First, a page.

There is emerging evidence that insurers are increasingly interconnected to the broader financial system. As linkages within and across banks, broker/dealers, hedge funds, and insurers have grown over time (Billio et al. 2012), we have also witnessed a significant transformation of the life insurer’s business model – large life insurers, both in the US and in Europe, have significantly expanded the supply of investment products known as variable annuities with guarantees (Koijen and Yogo 2017, 2018).
As Figure 1 shows, US life insurers are now relatively less likely to be involved in the traditional insurance business, where an insurer underwrites idiosyncratic risks and invests in accordance with an asset-liability matching principle. Under this model, insurers can take a long-term investment perspective, and potentially act as asset insulators by providing liquidity during periods of market stress (Chodorow-Reich et al. 2016, The Geneva Association 2015, 2016, Thimann 2014).
In sharp contrast, with the significant emergence of variable annuities, insurers’ asset allocations have become more procyclical, less diverse across insurers (Bank of England 2014, ESRB 2015), and more exposed to overall equity market fluctuations. One major concern among regulators is that the overall insurance sector’s exposure to aggregate risk – in particular duration risk and interest rate sensitivity – has been growing (EIOPA 2017, GA 2015, IMF 2016). Finally, we also observe elevated stock price co-movement among insurers as a consequence of this evolution.
Figure 1 Life insurance product shares over the period 1955–2014
Source: American Council of Life Insurers, 2015 Life Insurers Fact Book, and Alejandro Drexler, Zain Mohey-Deen, Richard Rosen.
Systemic risk analysis has largely focused on the linkages among financial institutions’ funding arrangements, and the increasing connections along these lines between insurers and the remainder of the financial system deserves appropriate scrutiny. However, commonality in financial institutions’ assets is equally important. Yet, the asset side as a source of vulnerability has received relatively less attention, perhaps because of a lack of data and/or a proper environment to test this channel. The insurance sector data are excellent, and the risk implications of the evolution of insurers’ asset allocations associated with their variable annuity business are potentially important.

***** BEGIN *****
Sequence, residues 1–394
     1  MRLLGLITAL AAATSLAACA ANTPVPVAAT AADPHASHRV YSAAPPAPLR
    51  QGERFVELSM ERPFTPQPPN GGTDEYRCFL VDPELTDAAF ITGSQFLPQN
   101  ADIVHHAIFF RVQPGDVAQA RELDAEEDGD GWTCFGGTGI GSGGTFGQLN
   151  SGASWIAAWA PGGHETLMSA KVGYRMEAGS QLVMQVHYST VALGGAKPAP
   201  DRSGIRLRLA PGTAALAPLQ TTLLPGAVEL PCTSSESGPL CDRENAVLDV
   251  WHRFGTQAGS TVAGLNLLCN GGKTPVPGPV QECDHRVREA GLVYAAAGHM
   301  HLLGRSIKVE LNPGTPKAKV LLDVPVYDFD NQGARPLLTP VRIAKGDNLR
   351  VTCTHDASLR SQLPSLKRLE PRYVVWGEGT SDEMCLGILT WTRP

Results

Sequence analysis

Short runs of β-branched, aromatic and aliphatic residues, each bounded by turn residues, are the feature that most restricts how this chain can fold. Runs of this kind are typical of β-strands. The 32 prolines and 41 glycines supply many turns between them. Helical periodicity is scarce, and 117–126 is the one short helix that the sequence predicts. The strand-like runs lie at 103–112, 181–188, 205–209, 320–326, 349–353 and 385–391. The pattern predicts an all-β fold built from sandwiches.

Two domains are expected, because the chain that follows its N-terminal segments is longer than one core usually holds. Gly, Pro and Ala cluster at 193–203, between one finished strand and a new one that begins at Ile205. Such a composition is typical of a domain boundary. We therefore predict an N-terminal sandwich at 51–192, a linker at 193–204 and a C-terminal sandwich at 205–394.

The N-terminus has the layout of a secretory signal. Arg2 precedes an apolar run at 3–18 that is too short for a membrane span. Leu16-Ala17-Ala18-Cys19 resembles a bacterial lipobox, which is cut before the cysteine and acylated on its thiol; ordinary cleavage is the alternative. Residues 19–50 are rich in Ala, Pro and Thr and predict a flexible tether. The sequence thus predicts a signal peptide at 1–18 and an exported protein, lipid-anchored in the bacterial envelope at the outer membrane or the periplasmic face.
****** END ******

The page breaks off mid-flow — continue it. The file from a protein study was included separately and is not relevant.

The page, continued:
In our recent paper, we focus on this channel and show how systemic risk can originate from the insurers’ business model, in which they provide embedded equity-linked investment guarantees (Ellul et al. 2018). We describe a mechanism that explains how financial institutions’ exposures to financial guarantees on stock market performance create incentives to reach for yield by overweighting similar, illiquid assets. In the case of a period characterised by equity market stress, an individual insurance company may be forced to sell its assets to regain financial health and meet regulatory thresholds. In doing so, however, it will impose externalities on other institutions – not only insurers – holding similar assets. Contagion will result and systemic risk emerges.
Our main finding confirms the maintained hypothesis – insurers’ collective allocation to illiquid bonds, exacerbated by the reaching-for-yield behaviour of the last decade (which was characterised by low interest rates), amplifies system-wide fire-sales in the event of negative asset shocks. Under different scenarios, these dynamics can plausibly erase up to 20–70% of insurers’ aggregate equity capital.
Guarantees expose insurers to market tail risk
From the perspective of an insurer, a variable annuity policy is a combination of business lines related to asset management and life insurance. An insurer allocates policyholder savings to a separate account and acts as a delegated asset manager of policyholders’ funds. Absent any guarantees, the separate account is a pass-through account in which a policyholder bears all investment risk. Once a policyholder reaches retirement age, she has an option to convert funds to an annuity which protects against outliving savings in retirement. This exposes the insurer to (traditional) longevity risk.
The presence of guarantees, however, turns variable annuities into stock market put option-like instruments. As a result, insurers now bear significant market tail risk. That is, exposures to guarantees are at their peak during a severe market downturn, exposing insurers to losses at the most turbulent times.
To safeguard annuity investors, capital regulation forces insurers to set aside reserves associated with any guarantees they have written. The size of the reserves associated with guarantees, now among the largest liabilities on insurers’ balance sheets, fluctuates with stock market performance and interest rates. Figure 2 plots the evolution of the insurers’ gross reserves to capital ratio for the period from 2004 to 2013. It reveals the high volatility of the ratio for insurers with high exposure to guarantees, with spikes around the global financial and European sovereign debt crises.
Figure 2 Exposure to guaranteed variable annuities and firm performance